Tony Amos in January 2016, doing one of the 2,000 beach surveys he conducted on Mustang Island. Photo: Esther Horvath

Flock Together

A Life Dedicated to Saving Sea Turtles and Shorebirds

Tony Amos spent 40 years rescuing and studying wildlife on the Texas coast. After his death, and in the aftermath of Hurricane Harvey, a new generation is stepping up to continue his legacy.

For decades Tony Amos was as familiar a sight on the beaches of Texas’s Mustang Island as the wildlife he surveyed. Tall with flowing white hair and beard, Amos had surveyed a seven-mile stretch of beach every other day since 1978, recording everything from Piping Plovers and sea turtles to plastic bottles and helicopters. When he wasn’t out counting, he was rescuing injured turtles and birds and tending to them at the Animal Rehabilitation Keep, or ARK, which he founded in the 1980s at the University of Texas Austin’s Marine Science Institute in Port Aransas.

Amos was trained as an oceanographer, but when dead and injured sea turtles and Brown Pelicans began washing ashore in Port Aransas after the 1979 Ixtoc I exploratory oil well blowout, he felt compelled to do something beyond monitoring tides and measuring salinity levels. For four decades he rescued thousands of turtles and birds, and conducted thousands of beach surveys, his meticulous records tracking, among other trends, the resurgence of Brown Pelicans and decline of Red Knots.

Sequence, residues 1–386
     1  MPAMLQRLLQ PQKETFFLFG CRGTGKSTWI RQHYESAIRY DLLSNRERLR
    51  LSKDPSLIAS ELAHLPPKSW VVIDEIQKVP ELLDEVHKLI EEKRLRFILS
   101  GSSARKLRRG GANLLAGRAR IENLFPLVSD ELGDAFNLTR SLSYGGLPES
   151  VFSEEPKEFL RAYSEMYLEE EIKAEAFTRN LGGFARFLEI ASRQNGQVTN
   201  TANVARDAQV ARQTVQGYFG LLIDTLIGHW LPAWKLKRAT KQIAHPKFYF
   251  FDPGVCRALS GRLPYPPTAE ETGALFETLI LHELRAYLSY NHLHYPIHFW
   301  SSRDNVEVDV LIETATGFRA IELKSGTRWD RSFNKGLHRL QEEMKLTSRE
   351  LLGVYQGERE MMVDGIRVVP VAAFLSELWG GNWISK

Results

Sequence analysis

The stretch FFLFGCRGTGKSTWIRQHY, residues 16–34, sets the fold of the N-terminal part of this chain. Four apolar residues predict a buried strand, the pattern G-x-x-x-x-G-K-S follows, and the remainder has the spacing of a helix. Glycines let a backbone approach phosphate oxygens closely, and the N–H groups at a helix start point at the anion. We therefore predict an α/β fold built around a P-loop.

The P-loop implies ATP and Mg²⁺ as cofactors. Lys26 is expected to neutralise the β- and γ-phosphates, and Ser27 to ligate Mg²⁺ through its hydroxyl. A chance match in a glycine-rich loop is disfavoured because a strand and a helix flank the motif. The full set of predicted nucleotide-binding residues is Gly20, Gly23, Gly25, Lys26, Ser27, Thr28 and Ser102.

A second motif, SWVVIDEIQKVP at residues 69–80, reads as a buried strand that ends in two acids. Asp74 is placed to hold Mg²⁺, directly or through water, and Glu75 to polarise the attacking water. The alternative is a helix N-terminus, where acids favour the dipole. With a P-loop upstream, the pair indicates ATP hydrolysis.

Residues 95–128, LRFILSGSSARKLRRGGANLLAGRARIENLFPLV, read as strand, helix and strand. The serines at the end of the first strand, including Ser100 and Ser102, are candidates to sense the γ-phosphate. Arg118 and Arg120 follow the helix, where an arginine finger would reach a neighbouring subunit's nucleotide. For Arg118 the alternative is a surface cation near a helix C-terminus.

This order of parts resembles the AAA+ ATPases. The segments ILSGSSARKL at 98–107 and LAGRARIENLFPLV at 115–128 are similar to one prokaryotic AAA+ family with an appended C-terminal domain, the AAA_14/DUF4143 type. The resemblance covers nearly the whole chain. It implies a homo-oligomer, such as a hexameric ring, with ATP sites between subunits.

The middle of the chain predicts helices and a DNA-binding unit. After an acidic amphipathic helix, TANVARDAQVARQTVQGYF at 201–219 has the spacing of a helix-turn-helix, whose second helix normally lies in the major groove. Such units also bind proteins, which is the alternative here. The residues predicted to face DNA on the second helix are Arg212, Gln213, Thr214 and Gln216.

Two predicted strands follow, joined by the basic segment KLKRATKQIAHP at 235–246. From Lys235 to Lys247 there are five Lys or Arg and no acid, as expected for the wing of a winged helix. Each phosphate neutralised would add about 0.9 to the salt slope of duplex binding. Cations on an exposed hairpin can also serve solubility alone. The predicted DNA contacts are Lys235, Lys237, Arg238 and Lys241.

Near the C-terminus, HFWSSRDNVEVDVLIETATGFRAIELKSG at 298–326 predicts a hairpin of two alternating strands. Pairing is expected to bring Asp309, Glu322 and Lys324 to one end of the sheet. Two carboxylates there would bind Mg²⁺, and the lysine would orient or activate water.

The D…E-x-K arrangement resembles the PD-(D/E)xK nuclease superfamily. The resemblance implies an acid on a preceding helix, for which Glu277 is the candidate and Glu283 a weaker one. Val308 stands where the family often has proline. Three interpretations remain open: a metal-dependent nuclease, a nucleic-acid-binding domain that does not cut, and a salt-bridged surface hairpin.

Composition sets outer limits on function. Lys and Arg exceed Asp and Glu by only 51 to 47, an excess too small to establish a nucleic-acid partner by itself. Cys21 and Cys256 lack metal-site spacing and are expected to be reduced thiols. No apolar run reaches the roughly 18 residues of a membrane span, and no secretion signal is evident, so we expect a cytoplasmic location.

“Tony is a hero and a legend in this area, and with great reason,” says Alicia Walker, who rescued many injured turtles with Amos over the years while working at Padre Island National Seashore; she signed on as ARK’s program coodinator last year.

Soon after Walker started at ARK, Amos told her that he had pancreatic cancer. “I’d just gotten chance of a lifetime to work with Tony Amos,” she recalls. “Then I learn he’s sick. I went into it thinking: I need to learn as much as I can from him.”

Amos died in September at age 80. But he’s still inspiring Walker and his other successors at the ARK. When Walker gets a call at 2 a.m. about a turtle tangled in fishing line or a pelican struck by a car, she gets up, puts on her shoes, and goes to help, because “that’s what Tony would do,” she says. “He made you want to be a better person, and scientist, too.”

His drive, even as his health began to fail, also inspired Jace Tunnell, ARK’s director. Last year, Tunnell joined Amos on a trip to a second long-term survey site, a 20-mile-long stretch of beach on privately owned San Jose Island. Amos visited every eight days to record wildlife and walk transects that extend from the water to the vegetation line, tracking how the beach changed over time. After eight hours, Tunnell went home to crash while Amos set about washing off the ATV and putting away supplies. “I was 42; he was 79,” Tunnell says. “His dedication was pretty wild.”